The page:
"A lot of people have to go out and walk. I’ve seen rope systems to bring water and food from one area to another because there are no bridges to cross the rivers," said Ibarra. "They say the power may take six months to get back online, others are saying a year or two years to get it back to where it was. A lot of things have changed, it’s a different reality than before the hurricane hit."

The level of devastation that has happened has been something unlike most people have seen. While in Puerto Rico they expect the occasional harsh weather, the latest hurricanes have been unprecedented.

"It’s really hard, we are pretty used to hurricanes but nobody expected this," said Ibarra. "The last one I remember I was a little kid, the last one that hit pretty hard. It’s a different generation now though, one that isn’t used to being without technology so it’s really hard for a lot of people."

The Soldiers of the 152nd ESC however are more than ready and willing to help fellow Americans. It is a daunting task, but one that they are up for.

"We are looking forward to helping the people of Puerto Rico as we have helped the people of New York," said Attard. "I don’t think we have been in a situation quite like this where power and communications are almost completely down."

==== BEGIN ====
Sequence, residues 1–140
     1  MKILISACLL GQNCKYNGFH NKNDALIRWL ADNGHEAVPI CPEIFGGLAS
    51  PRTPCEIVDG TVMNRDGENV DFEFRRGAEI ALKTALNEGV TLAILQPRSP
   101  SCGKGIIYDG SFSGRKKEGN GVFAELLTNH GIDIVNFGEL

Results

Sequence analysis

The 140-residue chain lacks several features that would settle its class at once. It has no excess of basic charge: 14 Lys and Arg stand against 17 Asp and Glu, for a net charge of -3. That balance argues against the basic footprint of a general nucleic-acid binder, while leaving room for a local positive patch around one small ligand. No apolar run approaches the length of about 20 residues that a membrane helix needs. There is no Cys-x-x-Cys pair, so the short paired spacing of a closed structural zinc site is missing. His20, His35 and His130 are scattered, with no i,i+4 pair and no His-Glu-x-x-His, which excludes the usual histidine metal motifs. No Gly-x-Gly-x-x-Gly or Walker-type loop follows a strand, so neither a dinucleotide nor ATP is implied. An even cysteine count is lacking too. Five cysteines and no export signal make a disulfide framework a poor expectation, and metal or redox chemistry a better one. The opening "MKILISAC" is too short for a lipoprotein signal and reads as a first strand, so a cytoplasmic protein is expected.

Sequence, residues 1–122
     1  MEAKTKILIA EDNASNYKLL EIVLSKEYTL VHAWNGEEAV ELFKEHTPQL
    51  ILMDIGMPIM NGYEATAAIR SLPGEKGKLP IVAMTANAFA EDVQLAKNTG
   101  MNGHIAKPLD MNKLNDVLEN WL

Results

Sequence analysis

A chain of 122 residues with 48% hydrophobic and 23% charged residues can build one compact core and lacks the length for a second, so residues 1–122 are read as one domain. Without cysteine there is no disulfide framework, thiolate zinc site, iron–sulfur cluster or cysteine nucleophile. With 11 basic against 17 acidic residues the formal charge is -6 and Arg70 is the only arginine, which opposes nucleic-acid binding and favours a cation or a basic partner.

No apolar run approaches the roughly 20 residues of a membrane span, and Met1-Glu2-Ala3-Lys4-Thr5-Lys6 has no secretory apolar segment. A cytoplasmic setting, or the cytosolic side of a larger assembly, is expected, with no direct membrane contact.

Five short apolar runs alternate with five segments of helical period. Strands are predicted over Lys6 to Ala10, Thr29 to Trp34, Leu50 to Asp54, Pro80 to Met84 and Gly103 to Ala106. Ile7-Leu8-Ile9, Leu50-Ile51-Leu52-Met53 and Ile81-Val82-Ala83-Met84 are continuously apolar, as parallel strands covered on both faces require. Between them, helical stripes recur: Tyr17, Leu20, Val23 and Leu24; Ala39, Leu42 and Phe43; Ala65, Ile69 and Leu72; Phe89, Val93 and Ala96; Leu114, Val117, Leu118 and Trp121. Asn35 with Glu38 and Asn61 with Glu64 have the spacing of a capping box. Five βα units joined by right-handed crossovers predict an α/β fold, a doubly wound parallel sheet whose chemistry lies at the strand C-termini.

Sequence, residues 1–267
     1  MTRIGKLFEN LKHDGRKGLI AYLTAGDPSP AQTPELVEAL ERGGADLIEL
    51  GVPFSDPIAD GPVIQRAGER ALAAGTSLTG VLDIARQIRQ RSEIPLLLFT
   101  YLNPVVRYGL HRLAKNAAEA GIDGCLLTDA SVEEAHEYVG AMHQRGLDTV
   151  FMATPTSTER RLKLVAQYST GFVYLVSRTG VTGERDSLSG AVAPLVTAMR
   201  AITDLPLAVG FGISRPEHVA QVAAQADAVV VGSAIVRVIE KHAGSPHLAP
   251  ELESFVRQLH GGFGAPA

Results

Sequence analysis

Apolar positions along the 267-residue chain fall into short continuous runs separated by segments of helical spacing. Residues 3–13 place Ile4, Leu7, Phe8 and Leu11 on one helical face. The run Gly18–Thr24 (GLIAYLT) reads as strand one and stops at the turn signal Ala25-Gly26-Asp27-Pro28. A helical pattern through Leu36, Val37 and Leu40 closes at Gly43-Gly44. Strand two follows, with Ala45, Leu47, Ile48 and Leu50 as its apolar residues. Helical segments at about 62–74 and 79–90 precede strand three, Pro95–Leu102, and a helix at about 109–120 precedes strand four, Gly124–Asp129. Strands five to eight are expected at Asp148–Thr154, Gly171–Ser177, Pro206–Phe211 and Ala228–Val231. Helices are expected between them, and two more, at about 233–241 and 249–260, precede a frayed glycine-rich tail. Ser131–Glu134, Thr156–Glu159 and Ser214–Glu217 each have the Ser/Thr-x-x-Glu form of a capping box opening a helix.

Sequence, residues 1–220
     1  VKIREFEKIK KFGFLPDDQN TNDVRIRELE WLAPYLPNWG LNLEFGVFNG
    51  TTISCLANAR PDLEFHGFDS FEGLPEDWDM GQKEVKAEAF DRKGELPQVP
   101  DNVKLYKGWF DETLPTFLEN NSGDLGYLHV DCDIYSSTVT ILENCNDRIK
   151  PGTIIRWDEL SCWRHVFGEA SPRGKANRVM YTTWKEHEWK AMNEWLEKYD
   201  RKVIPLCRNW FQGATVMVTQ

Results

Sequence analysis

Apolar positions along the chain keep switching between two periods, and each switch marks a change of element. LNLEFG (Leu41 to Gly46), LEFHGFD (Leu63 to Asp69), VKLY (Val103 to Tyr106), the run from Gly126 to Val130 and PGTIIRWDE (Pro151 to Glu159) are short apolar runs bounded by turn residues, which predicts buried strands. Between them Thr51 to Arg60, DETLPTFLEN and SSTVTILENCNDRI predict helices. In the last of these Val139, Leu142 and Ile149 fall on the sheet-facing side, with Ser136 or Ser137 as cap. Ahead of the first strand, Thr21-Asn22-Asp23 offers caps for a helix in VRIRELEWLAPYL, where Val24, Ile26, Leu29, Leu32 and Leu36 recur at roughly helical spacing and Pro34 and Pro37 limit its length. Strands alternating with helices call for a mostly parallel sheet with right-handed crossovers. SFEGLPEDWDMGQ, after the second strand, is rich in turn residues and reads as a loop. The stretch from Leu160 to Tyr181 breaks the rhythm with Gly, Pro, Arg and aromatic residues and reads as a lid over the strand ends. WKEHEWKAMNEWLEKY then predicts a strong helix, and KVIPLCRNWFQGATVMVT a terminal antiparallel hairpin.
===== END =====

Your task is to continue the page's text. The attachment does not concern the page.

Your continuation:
While New York has seen its share of tragedy and disaster due to weather, they know they are going to see something that they have never seen before. 

"If you think about the things that have struck New York, they were bad but not anything like this," said Attard. "This is unique, we don’t usually leave New York like this but there was a need for us."

As Citizen-Soldiers, they will not only put their military to the test, but their civilian training as well. 

"In the 152nd ESC we construct things like roads, airfields and helipads, so we are actually trained in these types of tasks, said Attard. Not only do we do this as Guardsmen, but a lot of us are professional construction workers," said Attard.

Being able to bring this much experience is what Attard said put them at the top of the list when New York looked to see who could accomplish this mission. The relief that they are bringing will be invaluable. 

"I really appreciate everyone that has come to our help," said Ibarra. "There’s a lot of fellow Guard units in the Army and the Air Force that have come to our aid and calling us and asking us what we need and are helping out."

Those in Puerto Rico such as Ibarra know the sacrifice that is being made by such service members as those in the 152nd ESC. For that, they are thankful.

"Every time I get a chance to see a fellow Guardsman from the main land I give them thanks because they have left their homes and their families to be able to help us out," said Ibarra. "I’m really grateful and appreciative of all the military members that have been able to come down and have sacrificed their comfort to be able to help us out."

Hurricane Maria